In Texas, discrimination by employers that is based on gender is prohibited by the Civil Rights Act of 1963 and the Equal Pay Act. Accordingly, gender may not be the basis for any employer decisions regarding pay, hiring policies, or promotion criteria. They must also ensure that the workplace environment is not hostile to a particular gender and that it is not overly sexual.
What Must be Proven in a Discrimination Claim?
Under the Equal Pay Act, discrimination is proven when both men and women do the same type of work in the same job and yet are given different wages. A discrimination claim may also succeed when employers in Baytown hire only one specific gender, issues promotions based on gender, or retaliates against persons who seek relief for employer misconduct.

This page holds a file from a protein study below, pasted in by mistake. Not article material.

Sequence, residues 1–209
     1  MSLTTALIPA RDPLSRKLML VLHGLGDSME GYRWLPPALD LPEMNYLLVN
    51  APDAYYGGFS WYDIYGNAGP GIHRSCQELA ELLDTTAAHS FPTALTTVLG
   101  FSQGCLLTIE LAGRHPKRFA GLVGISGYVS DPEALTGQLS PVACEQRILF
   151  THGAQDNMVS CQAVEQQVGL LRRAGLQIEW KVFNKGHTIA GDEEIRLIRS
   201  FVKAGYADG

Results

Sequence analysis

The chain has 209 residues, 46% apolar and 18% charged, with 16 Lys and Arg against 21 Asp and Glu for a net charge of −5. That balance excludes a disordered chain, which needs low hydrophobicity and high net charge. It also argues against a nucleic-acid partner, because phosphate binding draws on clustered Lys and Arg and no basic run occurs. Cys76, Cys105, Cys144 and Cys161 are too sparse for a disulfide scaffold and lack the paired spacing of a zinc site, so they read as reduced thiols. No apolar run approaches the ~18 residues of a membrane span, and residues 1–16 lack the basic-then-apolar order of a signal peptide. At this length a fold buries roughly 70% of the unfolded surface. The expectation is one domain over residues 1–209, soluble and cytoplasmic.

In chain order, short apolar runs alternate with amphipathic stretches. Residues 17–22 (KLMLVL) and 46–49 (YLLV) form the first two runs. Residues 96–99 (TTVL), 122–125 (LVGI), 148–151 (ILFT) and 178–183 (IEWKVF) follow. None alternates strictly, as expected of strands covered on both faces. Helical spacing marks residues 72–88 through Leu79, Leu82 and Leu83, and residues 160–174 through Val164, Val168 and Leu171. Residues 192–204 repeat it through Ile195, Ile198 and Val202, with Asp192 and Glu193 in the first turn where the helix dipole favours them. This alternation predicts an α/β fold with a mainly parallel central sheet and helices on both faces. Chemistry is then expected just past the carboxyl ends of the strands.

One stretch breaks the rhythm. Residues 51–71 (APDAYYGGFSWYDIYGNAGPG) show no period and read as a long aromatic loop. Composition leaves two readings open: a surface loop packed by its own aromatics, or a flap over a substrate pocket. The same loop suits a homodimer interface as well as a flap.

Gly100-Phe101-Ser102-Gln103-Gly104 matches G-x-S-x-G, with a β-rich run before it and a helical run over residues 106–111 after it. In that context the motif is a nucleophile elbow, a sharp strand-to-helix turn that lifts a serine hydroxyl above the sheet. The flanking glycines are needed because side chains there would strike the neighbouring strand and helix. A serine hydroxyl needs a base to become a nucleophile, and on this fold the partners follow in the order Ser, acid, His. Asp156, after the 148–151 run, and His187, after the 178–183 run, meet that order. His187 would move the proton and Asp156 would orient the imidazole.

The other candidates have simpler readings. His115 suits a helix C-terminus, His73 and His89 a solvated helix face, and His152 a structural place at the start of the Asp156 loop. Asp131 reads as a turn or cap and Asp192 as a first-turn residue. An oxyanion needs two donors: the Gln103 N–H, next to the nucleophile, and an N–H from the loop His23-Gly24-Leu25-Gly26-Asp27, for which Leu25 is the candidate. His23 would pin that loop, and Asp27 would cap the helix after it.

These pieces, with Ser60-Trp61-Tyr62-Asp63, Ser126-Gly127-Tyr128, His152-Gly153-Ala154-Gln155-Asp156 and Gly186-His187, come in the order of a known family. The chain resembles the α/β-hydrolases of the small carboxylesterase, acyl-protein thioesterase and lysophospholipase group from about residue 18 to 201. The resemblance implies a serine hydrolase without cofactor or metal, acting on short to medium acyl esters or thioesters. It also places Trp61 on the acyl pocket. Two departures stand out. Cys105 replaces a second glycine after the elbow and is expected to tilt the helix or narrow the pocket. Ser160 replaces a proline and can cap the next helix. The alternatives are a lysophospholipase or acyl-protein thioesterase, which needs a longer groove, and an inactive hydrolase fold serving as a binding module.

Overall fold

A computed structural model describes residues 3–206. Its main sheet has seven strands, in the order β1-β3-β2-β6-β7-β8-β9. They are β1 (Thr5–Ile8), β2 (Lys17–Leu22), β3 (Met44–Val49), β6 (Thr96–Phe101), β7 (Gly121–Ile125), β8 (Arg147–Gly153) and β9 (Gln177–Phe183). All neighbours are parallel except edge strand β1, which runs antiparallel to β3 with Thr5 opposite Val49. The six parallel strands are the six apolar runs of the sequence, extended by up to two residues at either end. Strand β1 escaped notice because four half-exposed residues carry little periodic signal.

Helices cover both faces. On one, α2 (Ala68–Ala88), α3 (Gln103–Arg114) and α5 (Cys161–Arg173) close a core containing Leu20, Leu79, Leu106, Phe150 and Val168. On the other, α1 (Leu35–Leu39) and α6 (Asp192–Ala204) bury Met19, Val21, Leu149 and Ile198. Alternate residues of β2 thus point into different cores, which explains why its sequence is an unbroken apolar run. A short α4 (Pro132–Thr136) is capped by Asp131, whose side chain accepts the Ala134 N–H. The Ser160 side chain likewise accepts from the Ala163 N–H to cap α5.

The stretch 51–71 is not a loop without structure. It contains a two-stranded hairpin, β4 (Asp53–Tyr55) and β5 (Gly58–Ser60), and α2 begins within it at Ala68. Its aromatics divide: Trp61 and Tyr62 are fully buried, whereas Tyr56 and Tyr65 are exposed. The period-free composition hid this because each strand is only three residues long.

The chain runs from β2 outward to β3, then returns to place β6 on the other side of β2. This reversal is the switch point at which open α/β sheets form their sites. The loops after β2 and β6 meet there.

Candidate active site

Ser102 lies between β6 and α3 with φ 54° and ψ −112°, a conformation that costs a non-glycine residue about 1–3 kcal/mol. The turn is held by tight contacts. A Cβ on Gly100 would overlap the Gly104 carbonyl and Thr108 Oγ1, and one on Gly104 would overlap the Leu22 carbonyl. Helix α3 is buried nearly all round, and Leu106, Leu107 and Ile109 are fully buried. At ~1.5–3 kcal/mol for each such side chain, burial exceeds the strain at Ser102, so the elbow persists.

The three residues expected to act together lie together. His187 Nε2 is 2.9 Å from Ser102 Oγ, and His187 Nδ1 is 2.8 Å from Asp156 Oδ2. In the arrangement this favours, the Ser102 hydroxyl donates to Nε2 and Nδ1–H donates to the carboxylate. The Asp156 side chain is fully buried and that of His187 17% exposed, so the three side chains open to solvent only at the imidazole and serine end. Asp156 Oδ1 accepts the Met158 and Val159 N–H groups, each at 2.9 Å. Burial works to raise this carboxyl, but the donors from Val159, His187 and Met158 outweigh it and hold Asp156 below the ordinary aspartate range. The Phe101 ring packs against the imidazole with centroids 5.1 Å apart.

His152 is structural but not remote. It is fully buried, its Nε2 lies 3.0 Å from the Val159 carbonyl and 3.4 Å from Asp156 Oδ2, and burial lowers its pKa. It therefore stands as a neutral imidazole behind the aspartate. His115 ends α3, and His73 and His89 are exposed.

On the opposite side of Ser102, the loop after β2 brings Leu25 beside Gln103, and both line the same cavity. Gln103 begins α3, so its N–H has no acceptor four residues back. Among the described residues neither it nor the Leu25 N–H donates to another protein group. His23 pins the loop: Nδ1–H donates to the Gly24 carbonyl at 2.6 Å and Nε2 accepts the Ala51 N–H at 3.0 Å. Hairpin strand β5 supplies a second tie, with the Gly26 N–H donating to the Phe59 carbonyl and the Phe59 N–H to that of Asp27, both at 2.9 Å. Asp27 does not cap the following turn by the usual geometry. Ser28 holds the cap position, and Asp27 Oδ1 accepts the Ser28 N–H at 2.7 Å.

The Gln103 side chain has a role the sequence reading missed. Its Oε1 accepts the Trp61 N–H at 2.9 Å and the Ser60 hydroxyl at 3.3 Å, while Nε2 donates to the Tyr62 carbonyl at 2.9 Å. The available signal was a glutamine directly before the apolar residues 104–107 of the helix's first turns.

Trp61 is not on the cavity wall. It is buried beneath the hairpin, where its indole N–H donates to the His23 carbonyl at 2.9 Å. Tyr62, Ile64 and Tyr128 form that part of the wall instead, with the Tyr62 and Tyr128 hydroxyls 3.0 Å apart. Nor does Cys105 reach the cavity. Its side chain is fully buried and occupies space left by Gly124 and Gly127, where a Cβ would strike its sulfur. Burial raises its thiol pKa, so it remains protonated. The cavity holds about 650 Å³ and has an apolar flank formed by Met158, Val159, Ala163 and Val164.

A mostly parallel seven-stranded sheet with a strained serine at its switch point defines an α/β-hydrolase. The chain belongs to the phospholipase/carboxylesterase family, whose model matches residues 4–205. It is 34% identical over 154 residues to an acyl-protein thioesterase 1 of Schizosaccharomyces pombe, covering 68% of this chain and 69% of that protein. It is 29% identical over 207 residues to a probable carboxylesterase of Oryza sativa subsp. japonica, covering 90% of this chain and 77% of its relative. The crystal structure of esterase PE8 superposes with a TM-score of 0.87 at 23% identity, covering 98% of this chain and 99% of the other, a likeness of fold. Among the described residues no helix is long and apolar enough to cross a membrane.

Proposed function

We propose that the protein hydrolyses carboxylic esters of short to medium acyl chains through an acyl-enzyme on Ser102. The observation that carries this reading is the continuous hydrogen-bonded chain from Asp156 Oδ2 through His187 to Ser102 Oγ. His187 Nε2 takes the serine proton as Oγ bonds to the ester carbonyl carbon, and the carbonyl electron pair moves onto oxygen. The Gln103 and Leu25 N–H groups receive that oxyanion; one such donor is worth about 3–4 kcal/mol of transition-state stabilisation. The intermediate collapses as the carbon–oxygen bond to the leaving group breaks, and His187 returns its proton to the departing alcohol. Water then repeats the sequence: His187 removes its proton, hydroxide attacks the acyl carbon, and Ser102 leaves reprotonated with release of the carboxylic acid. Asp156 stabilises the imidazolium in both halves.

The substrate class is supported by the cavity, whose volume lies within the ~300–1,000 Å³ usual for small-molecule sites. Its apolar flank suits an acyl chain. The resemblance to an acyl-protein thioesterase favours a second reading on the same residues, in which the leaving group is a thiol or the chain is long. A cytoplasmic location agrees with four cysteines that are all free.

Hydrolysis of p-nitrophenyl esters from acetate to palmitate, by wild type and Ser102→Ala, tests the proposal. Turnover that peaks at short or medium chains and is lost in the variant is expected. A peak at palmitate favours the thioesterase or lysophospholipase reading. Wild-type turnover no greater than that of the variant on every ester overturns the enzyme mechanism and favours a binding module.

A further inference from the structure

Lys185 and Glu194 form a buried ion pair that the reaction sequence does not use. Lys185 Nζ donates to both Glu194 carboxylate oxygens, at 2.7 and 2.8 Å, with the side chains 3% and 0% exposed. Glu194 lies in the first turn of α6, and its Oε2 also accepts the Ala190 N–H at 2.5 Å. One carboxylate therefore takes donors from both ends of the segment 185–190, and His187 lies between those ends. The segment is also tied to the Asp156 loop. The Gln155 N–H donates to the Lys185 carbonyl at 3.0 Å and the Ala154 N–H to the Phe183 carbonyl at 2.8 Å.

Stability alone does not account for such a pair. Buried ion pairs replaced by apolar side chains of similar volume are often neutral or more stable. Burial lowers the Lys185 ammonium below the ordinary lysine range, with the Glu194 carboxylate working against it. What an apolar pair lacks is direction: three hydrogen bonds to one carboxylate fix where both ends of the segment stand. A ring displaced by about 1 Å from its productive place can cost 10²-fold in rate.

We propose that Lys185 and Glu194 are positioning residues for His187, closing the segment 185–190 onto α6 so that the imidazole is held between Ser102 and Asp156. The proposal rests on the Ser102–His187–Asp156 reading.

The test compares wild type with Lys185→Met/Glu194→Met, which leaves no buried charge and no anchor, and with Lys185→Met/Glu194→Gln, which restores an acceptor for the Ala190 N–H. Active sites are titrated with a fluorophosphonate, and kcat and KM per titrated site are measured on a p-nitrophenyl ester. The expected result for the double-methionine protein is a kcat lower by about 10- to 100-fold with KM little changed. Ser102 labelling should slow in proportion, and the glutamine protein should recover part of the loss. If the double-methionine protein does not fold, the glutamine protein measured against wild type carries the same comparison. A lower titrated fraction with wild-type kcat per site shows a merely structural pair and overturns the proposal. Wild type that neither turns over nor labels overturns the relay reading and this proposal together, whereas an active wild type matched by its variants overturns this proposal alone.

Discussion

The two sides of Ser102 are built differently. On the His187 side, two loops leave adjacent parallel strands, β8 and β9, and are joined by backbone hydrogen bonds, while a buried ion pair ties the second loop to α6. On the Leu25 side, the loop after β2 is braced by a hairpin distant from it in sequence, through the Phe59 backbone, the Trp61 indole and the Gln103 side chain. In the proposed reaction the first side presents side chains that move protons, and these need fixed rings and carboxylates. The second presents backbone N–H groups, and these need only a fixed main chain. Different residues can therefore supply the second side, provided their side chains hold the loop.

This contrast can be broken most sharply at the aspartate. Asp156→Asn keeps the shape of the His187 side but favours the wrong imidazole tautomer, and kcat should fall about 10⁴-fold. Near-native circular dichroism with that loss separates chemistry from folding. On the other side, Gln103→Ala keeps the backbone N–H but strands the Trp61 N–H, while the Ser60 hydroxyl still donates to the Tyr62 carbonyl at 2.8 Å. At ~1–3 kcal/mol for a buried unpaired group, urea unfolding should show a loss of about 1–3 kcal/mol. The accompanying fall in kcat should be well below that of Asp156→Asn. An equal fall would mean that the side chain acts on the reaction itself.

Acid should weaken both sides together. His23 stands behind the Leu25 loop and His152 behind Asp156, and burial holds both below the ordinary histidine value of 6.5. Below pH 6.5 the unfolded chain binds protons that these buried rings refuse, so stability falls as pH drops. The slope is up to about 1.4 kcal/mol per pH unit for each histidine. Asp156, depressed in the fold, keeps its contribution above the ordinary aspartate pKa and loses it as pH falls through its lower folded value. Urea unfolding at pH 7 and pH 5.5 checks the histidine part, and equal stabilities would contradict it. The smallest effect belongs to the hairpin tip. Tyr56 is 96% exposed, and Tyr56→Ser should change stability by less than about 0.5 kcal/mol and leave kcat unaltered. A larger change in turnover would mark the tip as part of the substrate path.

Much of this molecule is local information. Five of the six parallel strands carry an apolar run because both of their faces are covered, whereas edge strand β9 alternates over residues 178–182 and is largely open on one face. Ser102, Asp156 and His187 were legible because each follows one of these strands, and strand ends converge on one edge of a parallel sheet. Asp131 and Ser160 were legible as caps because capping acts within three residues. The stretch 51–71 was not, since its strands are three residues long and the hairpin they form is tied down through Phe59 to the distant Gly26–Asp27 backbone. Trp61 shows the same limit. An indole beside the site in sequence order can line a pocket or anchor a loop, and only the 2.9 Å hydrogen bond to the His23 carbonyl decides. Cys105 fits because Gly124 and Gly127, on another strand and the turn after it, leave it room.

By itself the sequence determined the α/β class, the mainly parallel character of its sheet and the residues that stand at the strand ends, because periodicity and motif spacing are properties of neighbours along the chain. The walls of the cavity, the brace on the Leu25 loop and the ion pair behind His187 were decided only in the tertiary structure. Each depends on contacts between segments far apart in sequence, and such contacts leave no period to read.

When is Sexual Harassment Prohibited?
Sexual harassment consists of any unwanted conduct of a sexual nature directed towards the victim, and includes both physical and verbal acts. An employer in Baytown may be liable for such conduct, even when it is simply other co-workers that have engaged in harassment.
Texas employers who allow conduct to produce an overly sexual work atmosphere might also be held liable for sexual harassment. The specific details for proving intent to discrimination can be complicated, and so gender discrimination might be challenging to prove without an attorney. The procedures for filing can also be complex.